Indonesia

Vulnerable
Beijing’s Media Influence Efforts
High
39 85
Local Resilience & Response
High
41 85
Scores are based on a scale of 0 (least influence) to 85 (most influence)

header1 Key Findings

Report by BC Han and Dr. Muhammad Zulfikar Rakhmat

 

  • Increased influence efforts: The Chinese government’s media influence efforts in Indonesia expanded during the coverage period of 2019-21. Beijing has successfully pushed for new agreements with the country’s national news agency and a major free-to-air television network, opened new diplomatic social media accounts, and appealed to Indonesia's Muslim community through trips to Xinjiang that presented a government- controlled perspective of the region.
  • Limited impact, strong public skepticism of China: Indonesian academics and politicians are wary of playing into geopolitical rivalries by taking a stance on controversial issues having to do with China. Available data show that Indonesians’ trust in China remains low, continuing a trend that began in 2015. Those believing that China is a “revisionist power” increased by 15 percent from 2020 to 2021. Similar increases were found regarding perceptions of China as a strategic, political, and economic threat. Widespread skepticism toward Chinese state narratives is partly rooted in historical tensions and Chinese government policies in Xinjiang (see Impact).
  • Penetration into national news agency, free-to-air television: The free-to-air television network Metro TV, as well as Antara News Agency, regularly publish content from China Global Television Network and Xinhua, respectively, based on agreements signed in 2019, ensuring positive coverage of China in national news. China Radio International programming also airs on a popular radio station, while China Daily content appears in prominent newspapers like the Jakarta Post. Still, pro-Beijing news does not dominate coverage of China in Indonesia, which is informed by diverse sources, including international news wires (see Propaganda).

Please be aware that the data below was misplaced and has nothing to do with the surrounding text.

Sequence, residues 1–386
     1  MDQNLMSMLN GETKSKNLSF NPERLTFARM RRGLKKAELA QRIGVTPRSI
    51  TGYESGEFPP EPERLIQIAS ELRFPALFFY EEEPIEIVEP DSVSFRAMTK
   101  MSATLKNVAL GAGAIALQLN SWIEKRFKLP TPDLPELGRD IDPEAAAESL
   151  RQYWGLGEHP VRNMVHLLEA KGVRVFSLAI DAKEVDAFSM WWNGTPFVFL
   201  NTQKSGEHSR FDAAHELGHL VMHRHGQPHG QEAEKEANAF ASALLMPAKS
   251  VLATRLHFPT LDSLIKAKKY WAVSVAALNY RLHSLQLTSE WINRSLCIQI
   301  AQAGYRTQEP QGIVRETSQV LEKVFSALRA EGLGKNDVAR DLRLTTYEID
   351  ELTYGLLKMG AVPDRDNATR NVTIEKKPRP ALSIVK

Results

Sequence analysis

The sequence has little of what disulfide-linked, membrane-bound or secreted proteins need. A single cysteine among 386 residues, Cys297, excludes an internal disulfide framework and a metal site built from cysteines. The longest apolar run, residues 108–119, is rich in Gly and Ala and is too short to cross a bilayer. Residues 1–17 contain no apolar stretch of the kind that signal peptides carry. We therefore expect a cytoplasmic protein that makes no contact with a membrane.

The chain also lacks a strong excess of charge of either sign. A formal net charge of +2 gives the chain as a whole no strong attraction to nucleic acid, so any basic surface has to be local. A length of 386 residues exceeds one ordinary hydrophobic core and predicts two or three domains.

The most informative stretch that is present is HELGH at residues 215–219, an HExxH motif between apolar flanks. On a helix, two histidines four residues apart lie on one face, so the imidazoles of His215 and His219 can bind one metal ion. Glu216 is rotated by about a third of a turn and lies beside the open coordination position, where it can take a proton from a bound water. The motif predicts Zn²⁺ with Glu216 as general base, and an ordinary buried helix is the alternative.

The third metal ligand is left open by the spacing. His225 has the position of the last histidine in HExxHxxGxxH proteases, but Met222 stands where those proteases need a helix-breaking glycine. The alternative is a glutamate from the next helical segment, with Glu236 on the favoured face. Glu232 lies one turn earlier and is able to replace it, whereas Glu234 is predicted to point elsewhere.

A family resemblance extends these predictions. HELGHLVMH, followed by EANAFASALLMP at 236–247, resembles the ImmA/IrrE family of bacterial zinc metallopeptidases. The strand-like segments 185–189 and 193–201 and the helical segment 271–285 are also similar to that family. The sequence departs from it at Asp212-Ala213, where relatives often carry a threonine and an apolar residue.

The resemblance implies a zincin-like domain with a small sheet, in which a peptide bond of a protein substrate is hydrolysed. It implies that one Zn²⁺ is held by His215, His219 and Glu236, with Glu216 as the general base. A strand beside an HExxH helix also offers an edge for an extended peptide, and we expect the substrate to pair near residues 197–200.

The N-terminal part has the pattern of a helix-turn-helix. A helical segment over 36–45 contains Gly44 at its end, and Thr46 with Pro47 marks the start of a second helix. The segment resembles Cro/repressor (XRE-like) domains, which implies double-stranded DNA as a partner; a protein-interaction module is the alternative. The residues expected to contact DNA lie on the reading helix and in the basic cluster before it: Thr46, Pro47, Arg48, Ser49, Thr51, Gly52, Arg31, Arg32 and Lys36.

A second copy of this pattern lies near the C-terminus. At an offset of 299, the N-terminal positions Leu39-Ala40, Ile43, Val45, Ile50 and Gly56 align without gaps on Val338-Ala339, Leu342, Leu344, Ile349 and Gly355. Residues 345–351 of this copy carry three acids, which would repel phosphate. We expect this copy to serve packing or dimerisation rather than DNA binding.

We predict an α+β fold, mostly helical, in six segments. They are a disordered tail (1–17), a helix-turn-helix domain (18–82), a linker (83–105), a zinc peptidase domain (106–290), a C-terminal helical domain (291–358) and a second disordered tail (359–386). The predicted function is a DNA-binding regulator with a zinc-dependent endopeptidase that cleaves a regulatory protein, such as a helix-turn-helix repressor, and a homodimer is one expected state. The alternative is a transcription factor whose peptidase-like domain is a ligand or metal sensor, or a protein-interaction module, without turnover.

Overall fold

• Subsidized trips for journalists, influencers, Muslim leaders, and students: Journalists and social media influencers have been invited on subsidized trips around China. Participants have repeated Beijing’s narratives during and after the trip, including denials of human rights abuses in Xinjiang. The Chinese government has also subsidized short trips to China (including Xinjiang), as well as long-term educational programs for students and leaders from Indonesia’s largest and most influential Islamic groups. Upon returning, some participants framed Chinese government policies in the region in a positive light, while others affirmed a critical stance. A significant portion of those who approve of Chinese government policies are Indonesian students at Chinese universities, many of whom have published their reflections in popular local outlets (see Propaganda).
  • ByteDance censorship: Chinese technology company ByteDance reportedly removed content critical of the Chinese government from its Indonesian news aggregator app, BaBe, between 2018 and 2020 (see Censorship).
  • Limited usage of coercive and covert tactics: Chinese state actors in Indonesia largely rely on promoting positive narratives about China instead of engaging in more aggressive strategies like intimidation or disinformation campaigns, although at least one incident of the Chinese embassy sending confrontational messages to a journalist in response to critical coverage was recorded (see Disinformation, Censorship).
  • Strong influence on diaspora media, except regarding Indonesia’s national interests: Chinese-language newspapers in Indonesia are dominated by pro-Beijing content. However, the papers do not promote Beijing’s narratives that challenge Indonesia’s national interests—such as on Chinese activity in the South China Sea. Chinese-language content in television and radio broadcasts is primarily cultural (see Diaspora media).
  • Political opposition to Chinese influence on strategic priorities: While economic dependence and ideological affinities compel Indonesian elites to be cautious in pushing back against Beijing, political leaders from different parties have criticized the Chinese government’s actions in the South China Sea (see Resilience and response).
  • Growing academic, think tank, and media attention to Chinese influence: There is increasing mainstream coverage of Chinese government influence tactics and their harms, including in the media sector. Coverage of Xinjiang remains largely critical, though Antara News Agency—with its partnership with Chinese state media—avoids coverage that counters Beijing’s line (see Resilience and response).